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    The evolutionary sequence for high-mass star formation starts with massive starless clumps that go on to form protostellar, young stellar objects and then compact H ii regions. While there are many examples of the three later stages, the very early stages have proved to be elusive. We follow-up a sample of 110 mid-infrared dark clumps selected from the ATLASGAL catalogue with the IRAM telescope in an effort to identify a robust sample of massive starless clumps. We have used the HCO+ and HNC (1-0) transitions to identify clumps associated with infall motion and the SiO (2-1) transition to identity outflow candidates. We have found blue asymmetric line profile in 65 per cent of the sample, and have measured the infall velocities and mass infall rates (0.6–36 × 10−3 M⊙ yr−1) for 33 of these clumps. We find a trend for the mass infall rate decreasing with an increase of bolometric luminosity to clump mass, i.e. star formation within the clumps evolves. Using the SiO 2-1 line, we have identified good outflow candidates. Combining the infall and outflow tracers reveals that 67 per cent of quiescent clumps are already undergoing gravitational collapse or are associated with star formation; these clumps provide us with our best opportunity to determine the initial conditions and study the earliest stages of massive star formation. Finally, we provide an overview of a systematic high-resolution ALMA study of quiescent clumps selected that allows us to develop a detailed understanding of earliest stages and their subsequent evolution.

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  2. Response time has been used as an important predictor of student performance in various models. Much of this work is based on the hypothesis that if students respond to a problem step too quickly or too slowly, they are most likely to be unsuccessful in that step. However, something that is less explored is that students may cycle through different states within a single response time and the time spent in those states may have separate effects on students’ performance. The core hypothesis of this work is that identifying the different states and estimating how much time is devoted to them in a single response time period will help us predict student performance more accurately. In this work, we de-compose response time into meaningful subcategories that can be indicative of helpful or harmful cognitive states. We then show how a model that is using these subcategories as predictors instead of response time as a whole outperforms both a linear and a non-linear baseline model.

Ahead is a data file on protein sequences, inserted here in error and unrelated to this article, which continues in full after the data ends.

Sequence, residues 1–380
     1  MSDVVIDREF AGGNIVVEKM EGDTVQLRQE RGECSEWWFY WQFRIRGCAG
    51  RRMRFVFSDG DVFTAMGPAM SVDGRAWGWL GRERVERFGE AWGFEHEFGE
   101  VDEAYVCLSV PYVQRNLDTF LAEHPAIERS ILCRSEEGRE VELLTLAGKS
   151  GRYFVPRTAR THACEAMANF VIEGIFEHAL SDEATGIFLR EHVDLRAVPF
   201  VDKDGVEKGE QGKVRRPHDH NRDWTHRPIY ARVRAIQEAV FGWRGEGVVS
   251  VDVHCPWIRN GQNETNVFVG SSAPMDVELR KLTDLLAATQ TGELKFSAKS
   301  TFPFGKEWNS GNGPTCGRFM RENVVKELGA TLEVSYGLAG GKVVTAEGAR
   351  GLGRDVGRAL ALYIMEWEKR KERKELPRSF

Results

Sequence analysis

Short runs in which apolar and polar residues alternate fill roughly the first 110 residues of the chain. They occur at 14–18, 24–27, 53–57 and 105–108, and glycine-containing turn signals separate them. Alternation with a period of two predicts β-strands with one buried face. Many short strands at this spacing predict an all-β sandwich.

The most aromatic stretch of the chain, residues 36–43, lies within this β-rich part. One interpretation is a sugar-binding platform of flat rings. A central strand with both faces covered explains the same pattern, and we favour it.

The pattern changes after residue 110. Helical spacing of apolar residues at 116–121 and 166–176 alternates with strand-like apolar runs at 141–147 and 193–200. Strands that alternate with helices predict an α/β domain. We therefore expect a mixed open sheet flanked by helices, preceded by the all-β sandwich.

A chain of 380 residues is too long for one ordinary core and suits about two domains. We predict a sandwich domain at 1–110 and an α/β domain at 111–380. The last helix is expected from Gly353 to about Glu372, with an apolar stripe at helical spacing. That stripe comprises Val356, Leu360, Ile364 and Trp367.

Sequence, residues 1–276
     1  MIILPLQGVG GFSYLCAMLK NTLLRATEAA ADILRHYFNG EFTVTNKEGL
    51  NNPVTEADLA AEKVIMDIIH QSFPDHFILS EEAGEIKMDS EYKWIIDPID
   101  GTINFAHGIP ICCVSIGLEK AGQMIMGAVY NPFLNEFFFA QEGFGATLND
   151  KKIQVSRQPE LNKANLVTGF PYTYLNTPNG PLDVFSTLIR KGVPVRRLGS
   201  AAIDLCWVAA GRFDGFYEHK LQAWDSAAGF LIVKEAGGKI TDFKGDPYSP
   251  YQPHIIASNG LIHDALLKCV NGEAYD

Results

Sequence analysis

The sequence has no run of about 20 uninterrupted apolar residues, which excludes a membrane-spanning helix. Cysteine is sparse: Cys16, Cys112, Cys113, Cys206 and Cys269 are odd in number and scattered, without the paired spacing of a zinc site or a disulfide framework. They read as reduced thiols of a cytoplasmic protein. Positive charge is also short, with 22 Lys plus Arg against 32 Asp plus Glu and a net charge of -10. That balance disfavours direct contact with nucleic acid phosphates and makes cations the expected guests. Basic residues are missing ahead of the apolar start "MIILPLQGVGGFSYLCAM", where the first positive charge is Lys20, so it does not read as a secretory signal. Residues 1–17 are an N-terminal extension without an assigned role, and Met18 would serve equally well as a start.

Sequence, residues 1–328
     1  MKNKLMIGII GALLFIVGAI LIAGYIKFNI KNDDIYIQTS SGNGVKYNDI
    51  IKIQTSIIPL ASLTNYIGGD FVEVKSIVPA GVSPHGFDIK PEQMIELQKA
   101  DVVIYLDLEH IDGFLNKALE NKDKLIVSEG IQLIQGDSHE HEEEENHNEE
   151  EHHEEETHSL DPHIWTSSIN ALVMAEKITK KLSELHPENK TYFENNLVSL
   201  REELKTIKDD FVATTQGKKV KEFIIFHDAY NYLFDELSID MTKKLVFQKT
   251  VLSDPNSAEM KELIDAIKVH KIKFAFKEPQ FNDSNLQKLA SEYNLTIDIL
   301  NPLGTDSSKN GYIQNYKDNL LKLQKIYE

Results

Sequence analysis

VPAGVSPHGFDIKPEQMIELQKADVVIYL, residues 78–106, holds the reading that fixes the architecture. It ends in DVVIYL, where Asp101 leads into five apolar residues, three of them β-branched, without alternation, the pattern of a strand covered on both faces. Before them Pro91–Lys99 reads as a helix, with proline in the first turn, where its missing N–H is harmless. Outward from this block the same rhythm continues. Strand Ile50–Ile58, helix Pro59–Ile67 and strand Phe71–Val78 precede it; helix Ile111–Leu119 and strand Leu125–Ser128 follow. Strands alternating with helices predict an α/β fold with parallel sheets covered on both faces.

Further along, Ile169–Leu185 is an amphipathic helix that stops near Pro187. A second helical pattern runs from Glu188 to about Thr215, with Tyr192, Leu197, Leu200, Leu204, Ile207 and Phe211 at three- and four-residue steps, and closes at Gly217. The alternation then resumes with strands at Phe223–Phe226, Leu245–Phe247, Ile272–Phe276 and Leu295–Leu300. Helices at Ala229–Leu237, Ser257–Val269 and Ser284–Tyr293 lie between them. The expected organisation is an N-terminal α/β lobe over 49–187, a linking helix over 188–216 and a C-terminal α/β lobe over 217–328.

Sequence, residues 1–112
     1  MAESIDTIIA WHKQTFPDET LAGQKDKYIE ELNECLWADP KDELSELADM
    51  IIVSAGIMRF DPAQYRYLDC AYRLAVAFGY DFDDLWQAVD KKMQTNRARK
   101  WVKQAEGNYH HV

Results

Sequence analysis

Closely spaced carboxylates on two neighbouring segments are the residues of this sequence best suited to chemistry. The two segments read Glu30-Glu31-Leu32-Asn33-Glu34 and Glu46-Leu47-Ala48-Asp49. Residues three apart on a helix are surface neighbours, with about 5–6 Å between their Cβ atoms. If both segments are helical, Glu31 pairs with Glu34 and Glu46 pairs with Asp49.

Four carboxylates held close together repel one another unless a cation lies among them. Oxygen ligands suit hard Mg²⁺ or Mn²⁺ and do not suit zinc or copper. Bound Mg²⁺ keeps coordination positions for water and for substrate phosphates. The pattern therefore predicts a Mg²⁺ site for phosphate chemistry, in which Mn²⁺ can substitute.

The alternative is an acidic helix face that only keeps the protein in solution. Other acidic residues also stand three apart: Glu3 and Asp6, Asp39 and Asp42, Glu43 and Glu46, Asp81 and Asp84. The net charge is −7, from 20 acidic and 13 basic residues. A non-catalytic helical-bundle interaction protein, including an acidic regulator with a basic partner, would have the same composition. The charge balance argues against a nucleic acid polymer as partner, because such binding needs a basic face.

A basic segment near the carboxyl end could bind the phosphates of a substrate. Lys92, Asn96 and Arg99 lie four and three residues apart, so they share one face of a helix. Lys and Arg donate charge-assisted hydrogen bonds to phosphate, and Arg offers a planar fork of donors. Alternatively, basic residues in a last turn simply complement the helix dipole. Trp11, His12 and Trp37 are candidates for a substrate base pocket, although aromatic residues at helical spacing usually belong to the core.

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  3. Personalized education technologies capable of delivering adaptive interventions could play an important role in addressing the needs of diverse young learners at a critical time of school readiness. We present an innovative personalized social robot learning companion system that utilizes children’s verbal and nonverbal affective cues to modulate their engagement and maximize their long-term learning gains. We propose an affective reinforcement learning approach to train a personalized policy for each student during an educational activity where a child and a robot tell stories to each other. Using the personalized policy, the robot selects stories that are optimized for each child’s engagement and linguistic skill progression. We recruited 67 bilingual and English language learners between the ages of 4–6 years old to participate in a between-subjects study to evaluate our system. Over a three-month deployment in schools, a unique storytelling policy was trained to deliver a personalized story curriculum for each child in the Personalized group. We compared their engagement and learning outcomes to a Non-personalized group with a fixed curriculum robot, and a baseline group that had no robot intervention. In the Personalization condition, our results show that the affective policy successfully personalized to each child to boost their engagement and outcomes with respect to learning and retaining more target words as well as using more target syntax structures as compared to children in the other groups. 
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